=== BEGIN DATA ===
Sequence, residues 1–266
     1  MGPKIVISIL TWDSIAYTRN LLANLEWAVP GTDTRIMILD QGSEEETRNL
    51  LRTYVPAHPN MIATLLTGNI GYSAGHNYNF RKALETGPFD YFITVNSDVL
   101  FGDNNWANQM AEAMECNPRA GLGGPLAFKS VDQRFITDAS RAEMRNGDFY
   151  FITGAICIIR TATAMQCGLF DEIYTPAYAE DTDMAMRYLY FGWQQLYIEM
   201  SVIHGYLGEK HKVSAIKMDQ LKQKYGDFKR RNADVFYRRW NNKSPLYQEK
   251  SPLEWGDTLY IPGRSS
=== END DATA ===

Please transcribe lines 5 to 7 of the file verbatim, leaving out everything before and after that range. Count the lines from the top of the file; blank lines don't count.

   151  FITGAICIIR TATAMQCGLF DEIYTPAYAE DTDMAMRYLY FGWQQLYIEM
   201  SVIHGYLGEK HKVSAIKMDQ LKQKYGDFKR RNADVFYRRW NNKSPLYQEK
   251  SPLEWGDTLY IPGRSS